Seller honesty doesn’t have to be at the expense of your sales pitch. You can write an honest description that’s still compelling enough to sell water to a fish if you can strike the right balance between honesty and positivity.
For example, if there’s a small scratch at the back of that old guitar, make sure there’s a picture of it and that it’s addressed in the description, but also ensure you emphasise that it has not effect on the usability or the sound quality of the guitar when you’re rocking out on it.
Addressing the small flaws of your item in a positive way not only helps build trust with buyers (especially important if you’re a new seller and don’t have a historically established seller rating), but it’s also more convincing that the item your selling is worth what you’re selling it for. Ultimately, it’s about leaving as few questions as possible in the buyer’s mind, which means they don’t put off clicking that ‘Buy’ button.
4. Plan your shipping options
Unlike the Christmas rush, post-Christmas buyers are under less pressure time-wise, and are instead looking for ways to get the most out of their money.
Offering a range of shipping options for your buyers to choose from allows them to choose whether to spend less and wait longer for their item, or splash out on expedited delivery if it’s something they just can’t wait for.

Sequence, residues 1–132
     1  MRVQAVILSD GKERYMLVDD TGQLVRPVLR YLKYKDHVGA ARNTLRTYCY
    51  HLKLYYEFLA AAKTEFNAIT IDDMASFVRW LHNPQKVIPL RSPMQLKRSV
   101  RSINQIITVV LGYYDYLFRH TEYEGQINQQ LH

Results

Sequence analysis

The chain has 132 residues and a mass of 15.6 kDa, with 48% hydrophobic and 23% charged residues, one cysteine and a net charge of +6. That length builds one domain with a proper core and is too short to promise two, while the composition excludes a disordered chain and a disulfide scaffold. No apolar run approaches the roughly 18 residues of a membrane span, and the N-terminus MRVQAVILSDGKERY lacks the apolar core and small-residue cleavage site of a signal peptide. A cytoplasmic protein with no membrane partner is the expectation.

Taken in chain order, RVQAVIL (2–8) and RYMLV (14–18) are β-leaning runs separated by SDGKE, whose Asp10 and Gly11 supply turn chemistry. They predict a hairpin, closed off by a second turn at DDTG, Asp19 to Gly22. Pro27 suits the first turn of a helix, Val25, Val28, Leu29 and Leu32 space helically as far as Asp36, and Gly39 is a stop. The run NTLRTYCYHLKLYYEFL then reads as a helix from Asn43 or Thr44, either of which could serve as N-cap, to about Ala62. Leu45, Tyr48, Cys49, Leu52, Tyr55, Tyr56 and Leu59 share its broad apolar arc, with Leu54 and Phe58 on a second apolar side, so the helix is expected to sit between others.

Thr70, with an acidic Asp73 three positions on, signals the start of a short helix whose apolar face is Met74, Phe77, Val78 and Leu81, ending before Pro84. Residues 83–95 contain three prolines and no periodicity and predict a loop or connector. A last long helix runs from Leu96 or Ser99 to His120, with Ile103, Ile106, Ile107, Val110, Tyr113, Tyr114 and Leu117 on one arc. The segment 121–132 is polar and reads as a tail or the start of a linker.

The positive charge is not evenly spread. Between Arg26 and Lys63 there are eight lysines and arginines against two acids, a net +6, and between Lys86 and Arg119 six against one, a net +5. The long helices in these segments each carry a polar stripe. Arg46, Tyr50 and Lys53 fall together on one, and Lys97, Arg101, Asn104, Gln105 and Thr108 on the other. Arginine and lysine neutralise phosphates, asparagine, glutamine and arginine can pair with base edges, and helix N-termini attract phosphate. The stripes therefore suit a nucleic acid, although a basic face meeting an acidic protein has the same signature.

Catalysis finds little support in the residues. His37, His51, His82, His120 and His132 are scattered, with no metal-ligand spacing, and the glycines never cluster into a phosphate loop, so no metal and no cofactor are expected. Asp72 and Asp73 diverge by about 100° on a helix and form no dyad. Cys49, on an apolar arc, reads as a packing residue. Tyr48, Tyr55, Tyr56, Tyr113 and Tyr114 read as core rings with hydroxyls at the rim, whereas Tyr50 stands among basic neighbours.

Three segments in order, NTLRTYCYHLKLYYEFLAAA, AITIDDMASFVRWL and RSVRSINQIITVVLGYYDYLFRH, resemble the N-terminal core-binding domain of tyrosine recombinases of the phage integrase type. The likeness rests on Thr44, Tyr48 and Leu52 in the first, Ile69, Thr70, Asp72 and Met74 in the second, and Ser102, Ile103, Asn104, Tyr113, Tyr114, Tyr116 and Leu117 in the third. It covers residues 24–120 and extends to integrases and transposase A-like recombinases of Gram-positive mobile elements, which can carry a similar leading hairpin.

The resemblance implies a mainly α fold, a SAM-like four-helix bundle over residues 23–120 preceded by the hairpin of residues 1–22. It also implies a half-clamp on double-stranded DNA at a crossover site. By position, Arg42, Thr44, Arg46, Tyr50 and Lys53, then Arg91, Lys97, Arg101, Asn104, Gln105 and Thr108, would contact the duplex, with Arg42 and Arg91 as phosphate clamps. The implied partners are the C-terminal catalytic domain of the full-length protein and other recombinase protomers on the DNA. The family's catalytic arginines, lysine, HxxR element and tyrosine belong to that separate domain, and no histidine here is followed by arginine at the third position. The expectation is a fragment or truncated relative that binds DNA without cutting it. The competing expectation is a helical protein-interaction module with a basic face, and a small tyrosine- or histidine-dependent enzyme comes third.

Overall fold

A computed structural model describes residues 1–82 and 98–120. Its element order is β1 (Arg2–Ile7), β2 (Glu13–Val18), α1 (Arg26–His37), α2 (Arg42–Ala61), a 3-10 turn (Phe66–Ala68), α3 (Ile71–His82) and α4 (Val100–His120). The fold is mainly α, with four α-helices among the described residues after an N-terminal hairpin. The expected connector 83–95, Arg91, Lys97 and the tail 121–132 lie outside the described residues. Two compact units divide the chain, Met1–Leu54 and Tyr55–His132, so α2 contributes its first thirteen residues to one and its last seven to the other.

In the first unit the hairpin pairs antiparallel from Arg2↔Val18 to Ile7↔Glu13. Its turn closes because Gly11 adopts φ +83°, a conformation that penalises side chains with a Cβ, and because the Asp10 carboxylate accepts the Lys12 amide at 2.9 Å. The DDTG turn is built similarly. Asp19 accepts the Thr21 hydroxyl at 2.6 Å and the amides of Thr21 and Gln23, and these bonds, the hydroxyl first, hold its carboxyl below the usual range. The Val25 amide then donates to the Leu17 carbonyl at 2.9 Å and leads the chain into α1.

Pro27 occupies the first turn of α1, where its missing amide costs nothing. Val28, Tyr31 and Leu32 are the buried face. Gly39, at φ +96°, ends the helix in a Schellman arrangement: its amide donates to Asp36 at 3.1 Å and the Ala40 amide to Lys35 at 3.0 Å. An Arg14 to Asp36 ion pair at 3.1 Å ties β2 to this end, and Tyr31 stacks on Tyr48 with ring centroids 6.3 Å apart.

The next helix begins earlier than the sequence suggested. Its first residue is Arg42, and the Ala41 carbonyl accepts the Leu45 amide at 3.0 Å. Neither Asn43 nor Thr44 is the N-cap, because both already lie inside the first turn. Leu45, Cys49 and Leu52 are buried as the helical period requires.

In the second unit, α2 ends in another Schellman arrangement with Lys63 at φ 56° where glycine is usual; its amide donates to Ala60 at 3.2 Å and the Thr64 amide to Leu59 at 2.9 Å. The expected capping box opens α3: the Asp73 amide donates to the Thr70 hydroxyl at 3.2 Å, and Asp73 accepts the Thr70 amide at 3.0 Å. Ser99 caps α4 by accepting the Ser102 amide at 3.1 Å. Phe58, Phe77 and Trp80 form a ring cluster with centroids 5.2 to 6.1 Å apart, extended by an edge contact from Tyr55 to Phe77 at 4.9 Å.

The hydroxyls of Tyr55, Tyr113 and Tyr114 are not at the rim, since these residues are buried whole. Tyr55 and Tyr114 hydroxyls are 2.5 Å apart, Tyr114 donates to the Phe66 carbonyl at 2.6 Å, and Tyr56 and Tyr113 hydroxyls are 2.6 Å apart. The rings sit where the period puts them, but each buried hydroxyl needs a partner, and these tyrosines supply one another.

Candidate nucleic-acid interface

Before you list your items, get a list of quotes using Parcel2Go. You may want to go for the cheapest quotes you can find for your item to entice the bargain hunters, or a more recognisable courier brand for those who need a little more reassurance before they commit to buying something.
You might even consider offering free shipping to make your listing even more enticing. To do so, you’ll need to factor in the shipping costs into your overheads, but for higher value items, the benefit of enticing more buyers outweigh the cost.
5. Tis the season
Not everything you want to sell will find it’s best buyers in January. Seasonal items like T-shirts and swimwear sell much better in summer, so it might be worth setting things like these aside for May/June, when demand will be much higher.
Reducing the number of items you’ll be selling at once will also help you focus on getting them sold. Listing too many items at once will soon have you overwhelmed, and you’ll end up selling less as a result.
As Confucius once said, ‘The man who chases two rabbits catches neither.’
Let’s round up what we’ve established as the five things to consider when selling your unwanted gifts online:
- Do the research — Find out how much your item is going for elsewhere, and who’s likely to buy it.
- Paint a picture — get a good set of images to show off your item whether it’s used or brand new.
- Be honest — Acknowledge any flaws your item might have in your description while also being positive enough to entice a buyer.
- Plan your shipping options — Get shipping quotes in advance of your sales to give buyers a range of delivery options to choose from, and consider offering free shipping on high-value items.
- Tis the season — Maximise your potential profit by selling your gifts at times when they’re in highest demand.
With these easy tips, you’ll be selling off those unwanted gifts to those for whom they’re more suited.
And with your extra money, why don’t you buy some terrible gifts for those you received yours from as sweet, sweet revenge? Just an idea.